Aug 11, 2011

Number of workers living paycheque to paycheque at pre-recession levels

Female workers have more trouble making ends meet: Survey

Forty-two per cent of workers in the United States usually or always live paycheque to paycheque, down slightly from 43 per cent in 2010 and in line with levels seen back in 2007, according to a CareerBuilder survey.

Workers making six figures are seeing improvements as well, found the survey of 2,534 hiring managers and 5,299 workers. Fourteen per cent of workers making six figures said they live paycheque to paycheque, down from 17 per cent in 2010. Six per cent reported they can’t make ends meet every month, an improvement from eight per cent last year.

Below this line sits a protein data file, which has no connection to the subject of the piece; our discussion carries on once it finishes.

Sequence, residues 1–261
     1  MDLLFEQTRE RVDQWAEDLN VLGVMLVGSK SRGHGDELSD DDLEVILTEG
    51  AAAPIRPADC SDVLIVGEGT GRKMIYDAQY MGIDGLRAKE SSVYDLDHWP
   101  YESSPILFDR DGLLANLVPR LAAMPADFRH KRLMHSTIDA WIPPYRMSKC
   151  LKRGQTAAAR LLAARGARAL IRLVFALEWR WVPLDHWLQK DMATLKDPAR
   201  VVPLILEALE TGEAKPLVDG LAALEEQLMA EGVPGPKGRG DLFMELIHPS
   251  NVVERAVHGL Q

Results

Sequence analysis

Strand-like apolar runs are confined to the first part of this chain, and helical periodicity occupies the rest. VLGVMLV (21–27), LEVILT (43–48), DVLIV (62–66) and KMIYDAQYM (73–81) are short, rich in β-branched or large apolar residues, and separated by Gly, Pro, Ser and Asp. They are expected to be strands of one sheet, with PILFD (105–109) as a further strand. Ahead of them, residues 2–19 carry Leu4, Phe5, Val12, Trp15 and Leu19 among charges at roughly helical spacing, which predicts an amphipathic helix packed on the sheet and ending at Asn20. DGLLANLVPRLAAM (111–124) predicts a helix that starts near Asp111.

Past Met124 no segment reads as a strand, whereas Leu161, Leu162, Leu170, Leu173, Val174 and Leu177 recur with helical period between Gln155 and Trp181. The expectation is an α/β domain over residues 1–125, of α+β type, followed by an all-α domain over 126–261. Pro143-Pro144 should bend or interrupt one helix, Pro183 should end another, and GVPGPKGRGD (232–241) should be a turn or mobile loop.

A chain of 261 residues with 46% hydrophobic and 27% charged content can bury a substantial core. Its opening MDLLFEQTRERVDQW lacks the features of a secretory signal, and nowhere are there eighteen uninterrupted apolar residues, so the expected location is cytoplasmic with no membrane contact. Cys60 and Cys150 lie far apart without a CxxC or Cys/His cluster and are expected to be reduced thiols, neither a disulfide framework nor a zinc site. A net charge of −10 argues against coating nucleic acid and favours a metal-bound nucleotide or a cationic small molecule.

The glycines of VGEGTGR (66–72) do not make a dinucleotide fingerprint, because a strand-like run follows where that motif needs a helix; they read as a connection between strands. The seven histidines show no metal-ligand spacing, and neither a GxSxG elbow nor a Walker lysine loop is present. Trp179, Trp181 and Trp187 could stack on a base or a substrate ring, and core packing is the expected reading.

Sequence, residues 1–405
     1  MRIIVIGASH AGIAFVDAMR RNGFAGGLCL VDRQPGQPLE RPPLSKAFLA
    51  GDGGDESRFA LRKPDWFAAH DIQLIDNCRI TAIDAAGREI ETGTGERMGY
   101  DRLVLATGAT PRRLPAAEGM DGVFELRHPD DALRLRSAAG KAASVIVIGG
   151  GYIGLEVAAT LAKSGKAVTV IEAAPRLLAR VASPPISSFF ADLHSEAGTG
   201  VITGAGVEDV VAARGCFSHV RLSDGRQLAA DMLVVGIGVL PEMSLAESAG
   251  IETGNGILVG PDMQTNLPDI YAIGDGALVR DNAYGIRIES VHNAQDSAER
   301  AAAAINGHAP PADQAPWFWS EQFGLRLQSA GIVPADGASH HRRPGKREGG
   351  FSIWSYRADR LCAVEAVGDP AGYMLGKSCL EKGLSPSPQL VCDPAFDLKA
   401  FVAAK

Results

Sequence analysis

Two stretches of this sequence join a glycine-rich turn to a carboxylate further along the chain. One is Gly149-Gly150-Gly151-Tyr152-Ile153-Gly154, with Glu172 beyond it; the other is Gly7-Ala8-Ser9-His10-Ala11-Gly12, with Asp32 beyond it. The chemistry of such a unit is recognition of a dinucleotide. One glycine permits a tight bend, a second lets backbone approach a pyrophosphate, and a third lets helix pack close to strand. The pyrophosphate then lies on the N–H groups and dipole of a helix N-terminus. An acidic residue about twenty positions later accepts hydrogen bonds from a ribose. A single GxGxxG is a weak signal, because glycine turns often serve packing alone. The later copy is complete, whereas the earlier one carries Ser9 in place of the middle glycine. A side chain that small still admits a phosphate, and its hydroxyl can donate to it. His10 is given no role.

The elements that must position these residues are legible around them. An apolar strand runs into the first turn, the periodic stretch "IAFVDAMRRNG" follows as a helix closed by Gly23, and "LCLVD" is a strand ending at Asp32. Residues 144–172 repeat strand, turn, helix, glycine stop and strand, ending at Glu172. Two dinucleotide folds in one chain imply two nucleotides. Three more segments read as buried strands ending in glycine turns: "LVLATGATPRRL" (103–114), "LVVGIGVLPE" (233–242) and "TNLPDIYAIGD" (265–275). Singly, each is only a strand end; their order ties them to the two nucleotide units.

Female workers continue to struggle more with personal finances than their male counterparts. Forty-six per cent of female workers and 38 per cent of male workers said they live paycheque to paycheque. Nearly one-quarter (24 per cent) of female workers said they have missed a bill payment over the last 12 months, higher than male workers at 17 per cent.

“A better employment picture in the U.S. has brought more steady incomes into households and workers are paying much closer attention to spending decisions and savings,” said Rosemary Haefner, vice-president of human resources at CareerBuilder. “The majority of U.S. workers (72 per cent) reported they are more fiscally responsible since the recession and have made a variety of changes to their living and spending habits.”

However, workers said they would not give up the following regardless of their financial concerns:

•internet connection (56 per cent)

•driving (46 per cent)

•mobile phone (42 per cent)

•cable TV (27 per cent)

•going out to eat (11 per cent).

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